assert 'P' != 'NP' # proof is left as an excercise for the reader
# Worst-case scenario we can only catch errors at a granularity
# of the whole function.
# If we have access to the source, we can silence errors on a
# per-expression basis, which is "better".
def __exit__(self, exc_type, exc_value, traceback):
# Returning True prevents the error from propagating. Don't silence
# KeyboardInterrupt or SystemExit. We aren't monsters.
It was funny! There was a religious or medieval theme or something. I can never find it...
How could anyone not love this tool?
(Previous discussion: https://news.ycombinator.com/item?id=9396116 )
Also, it's from Smalltalk, and found in some ways also in python, objective-c and many others.
So if you want the same thing but for JS give the above a shot.
That said, I have met some developers who would find this as an advantage and might actually try to put it into use. Generally these are folks who prefer the default soldier-on-in-the-face-of-errors behavior from sh and perl.
Nobody in the Perl world prefers that, outside of people who are complete newbies. In fact, collectively Perl has been yelling at newbies for decades that anything not containing `use strict;` and `use warnings;` is almost without fail broken code, mainly because there are a lot of very old and outdated tutorials which introduce these modules as optional and/or way too late.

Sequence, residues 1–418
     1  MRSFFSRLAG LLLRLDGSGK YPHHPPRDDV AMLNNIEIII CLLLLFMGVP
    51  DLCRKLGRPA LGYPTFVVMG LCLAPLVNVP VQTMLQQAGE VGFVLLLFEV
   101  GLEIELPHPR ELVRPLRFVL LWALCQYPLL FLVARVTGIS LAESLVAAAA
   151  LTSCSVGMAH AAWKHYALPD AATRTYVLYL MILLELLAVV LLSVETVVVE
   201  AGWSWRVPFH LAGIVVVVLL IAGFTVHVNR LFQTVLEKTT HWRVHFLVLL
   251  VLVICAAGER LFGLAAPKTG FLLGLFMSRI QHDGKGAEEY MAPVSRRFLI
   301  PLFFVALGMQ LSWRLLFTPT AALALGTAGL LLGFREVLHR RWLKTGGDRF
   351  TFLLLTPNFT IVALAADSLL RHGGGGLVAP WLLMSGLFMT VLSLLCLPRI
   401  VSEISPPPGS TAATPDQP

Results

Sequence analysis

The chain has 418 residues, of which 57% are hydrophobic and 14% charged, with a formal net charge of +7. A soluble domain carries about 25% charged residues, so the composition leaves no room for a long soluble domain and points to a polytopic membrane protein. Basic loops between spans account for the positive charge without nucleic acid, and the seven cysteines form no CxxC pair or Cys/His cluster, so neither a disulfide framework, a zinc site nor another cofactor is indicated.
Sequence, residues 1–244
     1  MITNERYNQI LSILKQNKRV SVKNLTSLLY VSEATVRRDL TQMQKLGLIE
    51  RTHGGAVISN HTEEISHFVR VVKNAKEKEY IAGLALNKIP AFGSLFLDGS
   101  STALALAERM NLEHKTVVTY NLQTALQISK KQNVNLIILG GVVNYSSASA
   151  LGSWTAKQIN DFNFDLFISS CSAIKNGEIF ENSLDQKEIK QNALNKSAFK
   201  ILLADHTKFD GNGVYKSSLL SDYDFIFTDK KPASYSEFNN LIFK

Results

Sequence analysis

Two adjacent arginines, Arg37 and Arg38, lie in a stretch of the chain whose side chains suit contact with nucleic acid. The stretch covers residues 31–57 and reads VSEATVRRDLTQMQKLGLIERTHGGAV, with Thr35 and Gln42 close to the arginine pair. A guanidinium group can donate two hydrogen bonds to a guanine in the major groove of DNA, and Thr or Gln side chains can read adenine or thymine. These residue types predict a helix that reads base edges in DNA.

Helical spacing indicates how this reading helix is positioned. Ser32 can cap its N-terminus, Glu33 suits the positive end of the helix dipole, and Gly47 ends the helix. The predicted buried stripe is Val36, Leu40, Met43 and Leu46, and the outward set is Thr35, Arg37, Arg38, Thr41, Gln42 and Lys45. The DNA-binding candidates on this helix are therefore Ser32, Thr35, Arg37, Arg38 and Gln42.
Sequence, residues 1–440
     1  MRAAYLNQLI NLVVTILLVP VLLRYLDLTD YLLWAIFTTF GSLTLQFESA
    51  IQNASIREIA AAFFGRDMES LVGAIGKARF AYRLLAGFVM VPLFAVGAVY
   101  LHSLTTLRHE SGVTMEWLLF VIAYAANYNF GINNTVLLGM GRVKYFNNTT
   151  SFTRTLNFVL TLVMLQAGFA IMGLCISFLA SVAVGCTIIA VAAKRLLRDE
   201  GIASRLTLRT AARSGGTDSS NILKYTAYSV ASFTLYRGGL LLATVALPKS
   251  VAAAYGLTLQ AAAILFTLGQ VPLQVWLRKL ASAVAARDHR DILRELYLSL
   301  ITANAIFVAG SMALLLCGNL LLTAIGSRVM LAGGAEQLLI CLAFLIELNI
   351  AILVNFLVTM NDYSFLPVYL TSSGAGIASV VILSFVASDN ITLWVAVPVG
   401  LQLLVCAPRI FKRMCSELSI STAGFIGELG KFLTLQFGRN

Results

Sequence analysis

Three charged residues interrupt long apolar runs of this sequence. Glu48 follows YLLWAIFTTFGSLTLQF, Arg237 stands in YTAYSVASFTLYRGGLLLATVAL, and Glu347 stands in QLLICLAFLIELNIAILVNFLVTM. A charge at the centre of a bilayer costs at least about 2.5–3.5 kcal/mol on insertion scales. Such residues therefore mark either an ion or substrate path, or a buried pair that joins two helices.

I think these are actually old-bies. They don't opt-in to `use strict;` because they like it that way. I suppose they just have an astonishingly high pain threshold.
That said, i've never met these people outside of said companies and especially not on the internet and most decidedly not anywhere near any sort of perl community. They've all been strict 9-5ers for whom the coding is a burden to bear to pay the bills and nothing else.
The people who're old and in the community? They're on the same Kwalitee train as everyone else.
DFSG compatible Yes
FSF approved Yes
OSI approved No
GPL compatible Yes
Linking from code with a different license Yes
You and I have different definitions.